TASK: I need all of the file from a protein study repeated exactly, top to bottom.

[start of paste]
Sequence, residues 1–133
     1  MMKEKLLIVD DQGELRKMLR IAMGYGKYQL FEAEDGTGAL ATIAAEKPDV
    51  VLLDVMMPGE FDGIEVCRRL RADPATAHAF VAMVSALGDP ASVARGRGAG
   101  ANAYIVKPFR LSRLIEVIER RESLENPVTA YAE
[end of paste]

Sequence, residues 1–133
     1  MMKEKLLIVD DQGELRKMLR IAMGYGKYQL FEAEDGTGAL ATIAAEKPDV
    51  VLLDVMMPGE FDGIEVCRRL RADPATAHAF VAMVSALGDP ASVARGRGAG
   101  ANAYIVKPFR LSRLIEVIER RESLENPVTA YAE